Millennials are often described in one of two ways: as ambitious, burnt-out workaholics or self-entitled narcissists who are too lazy to get a job. According to new research from the Harvard Business Review, the former may be closer to the truth. Their report shows that 25 to 34-year-olds think about and value work more than older generations.

For the study, researchers looked at data from over 250,000 users of Happify, an app designed to train your brain into thinking positive thoughts. They looked at the participants’ responses to three prompts, the first being: “Jot down three things that happened today or yesterday that made you feel grateful.”

The top answers across all age groups were related to "spending quality time with family and friends.” After that, Millennials noted topics relating to work—“positive interactions with colleagues,” “having a low-stress commute,” “getting a new job,” “being satisfied with an existing job”—more often than other generations. Millennials were also less likely to note topics pertaining to religion or religious events (singing in the choir, bible study, etc.).

Happify's second writing activity asked users to set long-term goals for themselves. Common Millennial aspirations like “new job,” “better pay,” “better benefits,” and “better work-life balance” once again reinforced the generation's career-focused state of mind. For this question, religious goals with keywords like “god,” “pray,” “spiritual,” or “bible,” were also more typical among older users.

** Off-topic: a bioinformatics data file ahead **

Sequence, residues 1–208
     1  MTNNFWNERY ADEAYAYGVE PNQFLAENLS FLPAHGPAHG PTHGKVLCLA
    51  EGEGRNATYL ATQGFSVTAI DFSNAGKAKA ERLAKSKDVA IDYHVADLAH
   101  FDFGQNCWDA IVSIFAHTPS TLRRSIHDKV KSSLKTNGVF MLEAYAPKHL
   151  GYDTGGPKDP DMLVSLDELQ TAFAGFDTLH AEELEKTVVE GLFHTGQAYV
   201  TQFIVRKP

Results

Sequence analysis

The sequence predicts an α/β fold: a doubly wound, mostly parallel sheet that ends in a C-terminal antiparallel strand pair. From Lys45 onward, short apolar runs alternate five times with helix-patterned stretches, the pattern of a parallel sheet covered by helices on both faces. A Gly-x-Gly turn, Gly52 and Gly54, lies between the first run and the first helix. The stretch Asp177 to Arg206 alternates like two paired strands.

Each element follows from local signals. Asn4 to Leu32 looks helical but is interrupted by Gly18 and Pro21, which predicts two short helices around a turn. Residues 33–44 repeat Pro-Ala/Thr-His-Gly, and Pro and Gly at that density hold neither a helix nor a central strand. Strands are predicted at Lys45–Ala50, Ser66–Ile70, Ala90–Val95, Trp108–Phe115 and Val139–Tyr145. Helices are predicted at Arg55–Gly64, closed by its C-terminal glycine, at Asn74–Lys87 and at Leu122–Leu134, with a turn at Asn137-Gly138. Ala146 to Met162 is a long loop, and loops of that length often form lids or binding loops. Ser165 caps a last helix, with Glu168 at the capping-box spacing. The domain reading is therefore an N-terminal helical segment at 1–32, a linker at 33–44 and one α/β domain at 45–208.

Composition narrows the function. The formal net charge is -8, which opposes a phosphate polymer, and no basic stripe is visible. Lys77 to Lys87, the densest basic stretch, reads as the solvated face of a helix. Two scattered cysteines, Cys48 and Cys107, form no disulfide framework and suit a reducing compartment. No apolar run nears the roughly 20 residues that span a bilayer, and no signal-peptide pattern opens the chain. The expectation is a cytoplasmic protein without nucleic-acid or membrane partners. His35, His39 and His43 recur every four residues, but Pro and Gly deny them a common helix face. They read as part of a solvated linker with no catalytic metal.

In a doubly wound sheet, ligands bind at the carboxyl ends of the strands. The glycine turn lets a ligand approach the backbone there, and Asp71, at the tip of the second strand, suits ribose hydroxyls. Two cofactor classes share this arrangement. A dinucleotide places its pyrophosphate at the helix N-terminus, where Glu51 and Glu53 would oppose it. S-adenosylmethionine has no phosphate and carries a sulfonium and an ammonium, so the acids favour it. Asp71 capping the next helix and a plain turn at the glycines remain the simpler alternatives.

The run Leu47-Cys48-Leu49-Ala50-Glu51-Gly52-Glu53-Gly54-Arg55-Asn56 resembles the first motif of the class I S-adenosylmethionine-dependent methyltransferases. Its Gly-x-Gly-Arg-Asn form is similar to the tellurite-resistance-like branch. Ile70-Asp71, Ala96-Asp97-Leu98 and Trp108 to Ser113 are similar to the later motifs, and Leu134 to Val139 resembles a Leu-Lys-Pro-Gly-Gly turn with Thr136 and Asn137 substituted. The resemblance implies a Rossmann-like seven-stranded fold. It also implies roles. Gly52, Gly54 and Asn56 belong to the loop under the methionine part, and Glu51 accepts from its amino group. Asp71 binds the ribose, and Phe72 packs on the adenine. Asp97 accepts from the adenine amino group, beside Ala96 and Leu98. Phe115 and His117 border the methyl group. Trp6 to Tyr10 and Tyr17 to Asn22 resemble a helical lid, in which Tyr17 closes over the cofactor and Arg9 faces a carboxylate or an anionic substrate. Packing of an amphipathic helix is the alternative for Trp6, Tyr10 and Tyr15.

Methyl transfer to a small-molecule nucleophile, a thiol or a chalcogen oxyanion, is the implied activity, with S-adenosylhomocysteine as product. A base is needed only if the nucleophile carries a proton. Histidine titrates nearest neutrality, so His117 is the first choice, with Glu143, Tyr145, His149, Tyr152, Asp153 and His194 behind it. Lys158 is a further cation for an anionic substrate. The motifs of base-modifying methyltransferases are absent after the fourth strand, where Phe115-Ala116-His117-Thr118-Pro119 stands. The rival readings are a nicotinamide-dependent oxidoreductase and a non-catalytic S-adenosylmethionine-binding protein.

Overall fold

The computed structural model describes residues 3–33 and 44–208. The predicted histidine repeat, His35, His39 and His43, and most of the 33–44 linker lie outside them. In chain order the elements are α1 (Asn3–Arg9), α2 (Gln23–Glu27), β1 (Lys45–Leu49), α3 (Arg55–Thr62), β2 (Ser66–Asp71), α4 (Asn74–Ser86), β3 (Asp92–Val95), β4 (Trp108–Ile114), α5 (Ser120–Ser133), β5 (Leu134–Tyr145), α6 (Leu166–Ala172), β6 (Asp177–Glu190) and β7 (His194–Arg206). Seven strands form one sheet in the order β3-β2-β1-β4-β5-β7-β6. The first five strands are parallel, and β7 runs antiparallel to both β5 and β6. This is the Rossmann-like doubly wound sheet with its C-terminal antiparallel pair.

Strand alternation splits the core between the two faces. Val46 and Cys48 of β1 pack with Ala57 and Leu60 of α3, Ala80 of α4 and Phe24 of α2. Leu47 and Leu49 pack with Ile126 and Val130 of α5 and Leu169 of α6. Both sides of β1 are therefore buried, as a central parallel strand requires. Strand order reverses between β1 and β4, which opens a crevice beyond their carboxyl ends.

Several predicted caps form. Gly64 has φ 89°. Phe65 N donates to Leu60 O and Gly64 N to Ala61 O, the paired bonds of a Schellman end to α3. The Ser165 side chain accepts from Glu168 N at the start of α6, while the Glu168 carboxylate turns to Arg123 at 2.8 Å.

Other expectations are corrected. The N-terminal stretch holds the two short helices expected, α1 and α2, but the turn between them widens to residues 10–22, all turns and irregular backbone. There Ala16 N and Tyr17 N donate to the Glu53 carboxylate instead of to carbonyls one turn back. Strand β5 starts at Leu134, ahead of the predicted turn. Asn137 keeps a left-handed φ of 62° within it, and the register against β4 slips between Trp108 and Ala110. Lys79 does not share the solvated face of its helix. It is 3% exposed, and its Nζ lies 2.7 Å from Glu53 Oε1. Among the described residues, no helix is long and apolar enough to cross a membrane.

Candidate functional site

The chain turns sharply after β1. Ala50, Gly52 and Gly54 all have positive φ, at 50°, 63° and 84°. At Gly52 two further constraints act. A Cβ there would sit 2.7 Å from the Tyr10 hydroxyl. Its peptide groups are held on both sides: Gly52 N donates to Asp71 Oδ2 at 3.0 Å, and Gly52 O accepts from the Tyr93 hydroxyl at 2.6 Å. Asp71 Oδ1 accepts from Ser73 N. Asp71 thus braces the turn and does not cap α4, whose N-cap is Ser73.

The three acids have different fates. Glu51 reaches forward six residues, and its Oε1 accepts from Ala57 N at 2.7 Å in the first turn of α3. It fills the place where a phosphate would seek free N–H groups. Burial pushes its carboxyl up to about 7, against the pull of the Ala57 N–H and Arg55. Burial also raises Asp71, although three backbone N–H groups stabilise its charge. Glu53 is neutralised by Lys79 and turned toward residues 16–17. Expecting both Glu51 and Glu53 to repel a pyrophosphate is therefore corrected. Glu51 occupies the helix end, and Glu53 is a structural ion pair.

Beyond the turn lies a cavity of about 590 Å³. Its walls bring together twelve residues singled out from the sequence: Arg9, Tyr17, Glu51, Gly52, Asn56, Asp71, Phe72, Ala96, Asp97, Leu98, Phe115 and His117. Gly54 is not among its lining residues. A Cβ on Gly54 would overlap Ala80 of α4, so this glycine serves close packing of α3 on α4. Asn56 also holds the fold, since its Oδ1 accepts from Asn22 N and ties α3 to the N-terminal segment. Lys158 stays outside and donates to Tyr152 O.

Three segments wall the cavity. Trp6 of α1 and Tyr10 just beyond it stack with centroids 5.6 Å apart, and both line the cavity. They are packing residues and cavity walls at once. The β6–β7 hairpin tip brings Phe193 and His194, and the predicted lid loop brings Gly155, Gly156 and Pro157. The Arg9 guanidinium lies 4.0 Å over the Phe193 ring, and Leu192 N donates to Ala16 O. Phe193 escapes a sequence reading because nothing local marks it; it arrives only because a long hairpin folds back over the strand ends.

The final prompt looked at short-term goals—specifically things respondents wanted to achieve by the end of the week. Millennials were most likely to answer with the topics “do things from my to-do list,” “apply for a job,” “get out of my comfort zone,” and “stop worrying.”

The study seems to show two trends among Millennials: thinking about work and feeling stressed about it. This fits in with previous research that suggests Millennials are the most stressed-out generation alive today. Whether you were born before or after 1982, taking the time to de-stress each day is something we could all benefit from.

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